If you only remember 1 thing about the U.S. Supreme Court, make it this: the Justices have the last word on all U.S. law, including the Constitution, and they serve as long as they want.
Okay, that was 2 things. But they’re both really important.
To put this in perspective: if your district elects a congressperson who turns out to be garbage, you get to replace that person in just 2 years. For the Senate, you have to wait 6, which feels like a long time — but not as long as Until They Feel Like Retiring, Damn It.
Also, it’s not the end of the world for us to have 1 or 2 terrible people in Congress. It’d be better if they were our best citizens, but there are 535 members of Congress, so 1 or 2 bad ones isn’t the end of the world.
There are not 535 Supreme Court Justice, though. There are 9. And They Serve As Long As They Want.
You can’t vote for Supreme Court Justices, but you do vote for the the people who pick the Justices. We vote for the president, who nominates the Justice. We also vote for senators, who confirm Justices — who, again, can serve until they’re 135, if they live that long.
What do they do while they’re Justicing, you might ask? Really, really important things.
A few Supreme Court Decisions that have mattered a lot
You could learn a lot about the U.S. just through its Supreme Court decisions: There was Brown vs. Board of Education in 1954, where the Court said states can’t intentionally segregate schools. Miranda v. Arizona (1966) is the reason cops do the “You-have-the-right-to-remain-silent” bit every time they arrest somebody. In Loving v. Virginia (1967), the Court said that states couldn’t make interracial marriage illegal. Yeah: we sent human beings into space before interracial marriage was legal. And it took the Supreme Court to make it happen.
Here are a few more recent important decision:
- 2003: The Court ruled that Texas couldn’t make “homosexual conduct” a crime. Yes: Texas had a law that criminalized same-sex intimacy. In Lawrence v. Texas, the Court ruled against Texas 6-3. By the way: 1 of those 3 votes is still on the Supreme Court today.
- 2010: Confirmed that companies and unions can pump as much money into elections as they want (Citizens United v. Federal Election Commission). This was a 5-4 decision, and 7 of these Justices are still on the Court.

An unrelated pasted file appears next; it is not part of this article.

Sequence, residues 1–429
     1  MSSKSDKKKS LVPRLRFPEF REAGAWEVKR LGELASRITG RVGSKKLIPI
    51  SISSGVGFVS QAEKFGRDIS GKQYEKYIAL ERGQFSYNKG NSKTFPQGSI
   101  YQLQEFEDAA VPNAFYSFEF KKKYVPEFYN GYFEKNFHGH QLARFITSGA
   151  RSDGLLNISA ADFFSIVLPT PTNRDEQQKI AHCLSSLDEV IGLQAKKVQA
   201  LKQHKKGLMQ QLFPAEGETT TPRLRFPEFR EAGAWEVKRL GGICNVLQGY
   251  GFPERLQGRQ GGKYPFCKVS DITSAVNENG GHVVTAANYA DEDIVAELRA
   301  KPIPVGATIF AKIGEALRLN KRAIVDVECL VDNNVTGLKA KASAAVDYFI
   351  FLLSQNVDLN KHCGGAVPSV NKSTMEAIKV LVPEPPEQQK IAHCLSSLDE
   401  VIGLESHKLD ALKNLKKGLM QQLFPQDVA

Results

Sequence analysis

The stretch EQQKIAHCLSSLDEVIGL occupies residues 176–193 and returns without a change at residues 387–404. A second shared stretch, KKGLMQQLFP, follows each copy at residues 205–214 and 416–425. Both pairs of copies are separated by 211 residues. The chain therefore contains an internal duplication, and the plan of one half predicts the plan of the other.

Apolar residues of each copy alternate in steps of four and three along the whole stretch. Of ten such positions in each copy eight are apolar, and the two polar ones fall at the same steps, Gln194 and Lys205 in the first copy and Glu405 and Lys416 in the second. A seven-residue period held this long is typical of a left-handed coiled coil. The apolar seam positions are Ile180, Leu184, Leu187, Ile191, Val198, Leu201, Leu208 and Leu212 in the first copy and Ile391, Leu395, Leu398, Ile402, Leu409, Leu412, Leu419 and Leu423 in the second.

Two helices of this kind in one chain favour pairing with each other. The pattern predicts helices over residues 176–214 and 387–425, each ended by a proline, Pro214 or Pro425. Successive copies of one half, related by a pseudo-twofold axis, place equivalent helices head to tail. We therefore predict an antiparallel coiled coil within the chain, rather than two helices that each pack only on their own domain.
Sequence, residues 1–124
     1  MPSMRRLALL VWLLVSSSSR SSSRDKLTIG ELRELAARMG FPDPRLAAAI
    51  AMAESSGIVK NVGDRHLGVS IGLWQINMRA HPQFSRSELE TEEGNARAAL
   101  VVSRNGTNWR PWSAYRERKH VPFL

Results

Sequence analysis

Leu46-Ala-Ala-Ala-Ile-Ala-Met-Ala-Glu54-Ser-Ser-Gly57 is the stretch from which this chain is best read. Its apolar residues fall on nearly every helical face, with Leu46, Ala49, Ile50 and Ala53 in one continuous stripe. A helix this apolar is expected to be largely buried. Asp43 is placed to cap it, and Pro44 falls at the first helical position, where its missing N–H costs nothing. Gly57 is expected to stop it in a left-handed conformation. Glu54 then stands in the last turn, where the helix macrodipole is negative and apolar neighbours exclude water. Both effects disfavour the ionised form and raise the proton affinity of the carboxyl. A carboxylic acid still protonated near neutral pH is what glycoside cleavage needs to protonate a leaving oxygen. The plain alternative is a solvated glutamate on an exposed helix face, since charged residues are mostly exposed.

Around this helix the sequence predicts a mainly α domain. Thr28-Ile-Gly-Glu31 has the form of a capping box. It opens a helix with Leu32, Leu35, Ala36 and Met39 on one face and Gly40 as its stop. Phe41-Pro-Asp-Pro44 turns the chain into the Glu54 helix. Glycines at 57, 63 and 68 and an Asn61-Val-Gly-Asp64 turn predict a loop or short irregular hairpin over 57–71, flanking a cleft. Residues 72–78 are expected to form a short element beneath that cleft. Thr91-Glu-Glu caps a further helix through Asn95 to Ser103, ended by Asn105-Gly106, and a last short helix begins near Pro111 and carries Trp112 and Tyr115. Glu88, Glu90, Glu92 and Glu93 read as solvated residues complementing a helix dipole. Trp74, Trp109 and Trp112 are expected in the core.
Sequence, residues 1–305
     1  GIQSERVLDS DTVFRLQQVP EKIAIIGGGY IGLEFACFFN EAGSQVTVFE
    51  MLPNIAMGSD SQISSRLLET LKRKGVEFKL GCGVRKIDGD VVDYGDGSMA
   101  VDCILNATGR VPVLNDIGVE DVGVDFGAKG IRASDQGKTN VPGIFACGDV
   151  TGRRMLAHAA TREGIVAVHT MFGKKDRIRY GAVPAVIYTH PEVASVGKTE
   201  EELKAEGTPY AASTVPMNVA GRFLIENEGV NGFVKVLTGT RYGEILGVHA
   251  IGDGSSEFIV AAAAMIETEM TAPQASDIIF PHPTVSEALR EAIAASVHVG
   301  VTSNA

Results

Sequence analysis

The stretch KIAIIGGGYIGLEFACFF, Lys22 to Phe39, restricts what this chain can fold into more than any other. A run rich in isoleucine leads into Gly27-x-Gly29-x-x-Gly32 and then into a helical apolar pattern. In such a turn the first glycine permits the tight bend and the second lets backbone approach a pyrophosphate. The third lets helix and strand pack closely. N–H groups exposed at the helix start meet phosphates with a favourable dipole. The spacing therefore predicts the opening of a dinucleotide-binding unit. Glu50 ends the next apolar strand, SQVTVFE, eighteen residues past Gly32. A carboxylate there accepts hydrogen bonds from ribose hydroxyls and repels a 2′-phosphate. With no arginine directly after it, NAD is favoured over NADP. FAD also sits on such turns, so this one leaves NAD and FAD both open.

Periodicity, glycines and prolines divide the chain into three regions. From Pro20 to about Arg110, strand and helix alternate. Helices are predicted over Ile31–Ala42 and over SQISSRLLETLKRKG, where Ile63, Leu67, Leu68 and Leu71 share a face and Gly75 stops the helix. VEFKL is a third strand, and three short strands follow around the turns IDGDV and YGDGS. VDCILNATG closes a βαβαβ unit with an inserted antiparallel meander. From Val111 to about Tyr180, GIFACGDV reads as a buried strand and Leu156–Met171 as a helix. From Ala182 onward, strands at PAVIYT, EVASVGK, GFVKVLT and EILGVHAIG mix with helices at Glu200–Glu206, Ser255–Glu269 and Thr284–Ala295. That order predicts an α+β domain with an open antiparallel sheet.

- 2015: Legalized same-sex marriage in a 5-4 decision (Obergefell v. Hodges).
- 2018: Ruled that the government can’t gather your personal info from your smartphone without a warrant (Carpenter v. United States). This was another 5-4 decision.
Notice how close most these decisions were? The last 3 were 5-4. If 1 more Justice had believed same sex marriage was wrong, it’d still be illegal. 1 Justice separated us from the government legally accessing everything on our phones. No matter what you think about this, the point is: it really matters — which means picking the people who make them really matters, too.
The people who pick the judges aren’t neutral
You get to be a Supreme Court judge when the President nominates you and the Senate confirms you. Today, this means that the party in charge picks judges they think will promote their vision for the U.S., and other party tries to prevent them.
On the one hand, this sucks. Nobody wants to compromise, which means nothing gets done.
On the other hand, it kind of makes sense. If you think that women should be able to make choices about their bodies, you should really be afraid of who Republicans pick for the Supreme Court. Republicans will only pick judges who want to dismantle abortion rights.
And if you think abortion should be illegal, you don’t want Democrats to pick, since they’ll almost certainly pick someone who’s pro-choice.
Most people care about more than 1 issue. But the point is, today, parties pick judges who share their visions. This means it’s important to find out what each party thinks. When they pick a Supreme Court Justice, that person’ll be around making decisions for a very, very long time.